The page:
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Elevator Inspections Challenge University


By Dan Hounsell Elevators
Person pressing the button for an elevator

The growing demand for convenience and access has raised the bar for the reliability of elevators in institutional and commercial facilities. Today, building occupants and visitors alike expect 100 percent reliability.

Unfortunately, elevators tend to be overlooked until something goes wrong. Beyond that, as the sophistication of elevators has increased, so has the need for maintenance. The components might be more reliable, but the sheer number of them demand a higher level of maintenance than did previous generations of elevators. They also require regular inspections to ensure safe and reliable operation, which in itself can be challenging.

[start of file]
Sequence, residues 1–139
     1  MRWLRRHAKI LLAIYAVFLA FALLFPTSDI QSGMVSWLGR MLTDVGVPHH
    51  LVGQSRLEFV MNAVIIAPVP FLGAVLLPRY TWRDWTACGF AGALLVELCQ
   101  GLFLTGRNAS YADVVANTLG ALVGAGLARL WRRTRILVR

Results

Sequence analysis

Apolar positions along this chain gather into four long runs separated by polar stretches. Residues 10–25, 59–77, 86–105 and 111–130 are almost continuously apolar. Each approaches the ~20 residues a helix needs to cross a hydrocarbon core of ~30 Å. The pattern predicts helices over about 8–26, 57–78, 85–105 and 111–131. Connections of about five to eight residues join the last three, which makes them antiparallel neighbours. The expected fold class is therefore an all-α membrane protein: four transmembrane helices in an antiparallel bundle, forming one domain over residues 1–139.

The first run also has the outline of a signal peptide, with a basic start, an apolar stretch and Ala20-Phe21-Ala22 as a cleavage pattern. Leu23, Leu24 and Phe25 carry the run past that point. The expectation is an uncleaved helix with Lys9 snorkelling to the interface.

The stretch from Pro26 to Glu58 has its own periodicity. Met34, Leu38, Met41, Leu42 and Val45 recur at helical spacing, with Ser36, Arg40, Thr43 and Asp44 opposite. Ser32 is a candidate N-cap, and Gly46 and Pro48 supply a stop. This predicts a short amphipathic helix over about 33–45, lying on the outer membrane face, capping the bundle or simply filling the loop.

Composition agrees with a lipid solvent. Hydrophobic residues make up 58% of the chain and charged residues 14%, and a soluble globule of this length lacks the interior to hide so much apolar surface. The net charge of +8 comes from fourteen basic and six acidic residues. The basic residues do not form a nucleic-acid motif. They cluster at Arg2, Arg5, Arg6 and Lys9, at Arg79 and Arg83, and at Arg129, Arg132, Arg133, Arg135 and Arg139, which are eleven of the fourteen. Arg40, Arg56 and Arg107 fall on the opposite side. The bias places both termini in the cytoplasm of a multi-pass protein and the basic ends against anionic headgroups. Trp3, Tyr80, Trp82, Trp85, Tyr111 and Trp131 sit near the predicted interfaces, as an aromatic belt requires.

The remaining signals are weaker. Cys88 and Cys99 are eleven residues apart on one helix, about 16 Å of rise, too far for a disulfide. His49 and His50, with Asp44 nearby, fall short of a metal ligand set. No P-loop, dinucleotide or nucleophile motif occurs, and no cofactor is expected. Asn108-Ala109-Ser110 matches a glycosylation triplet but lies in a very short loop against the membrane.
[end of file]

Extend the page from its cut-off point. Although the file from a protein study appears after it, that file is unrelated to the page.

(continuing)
Consider that case of UCLA, where a majority of posted elevator permit are expired, according to the Daily Bruin. Of 112 elevator permits recorded by Daily Bruin staffers, 76 – roughly two-thirds of all elevators examined – had expired permits.

Out of 531 elevators on campus, about 61 percent do not have up-to-date permits posted, according to data from UCLA Facilities Management. But the data might not be entirely up to date, says Erik Ulstrup, senior superintendent of electrical systems.

Expired permits still can be valid until the state returns to inspect the elevator, as long as another inspection has been requested, Ulstrup says, adding that he already has communicated the school’s needs to the state. Elevators with expired permits remain safe because elevators are regularly inspected by 12 state-certified elevator mechanics on staff, he says.

Dan Hounsell is editor-in-chief of Facility Maintenance Decisions, and Facilitiesnet.com.

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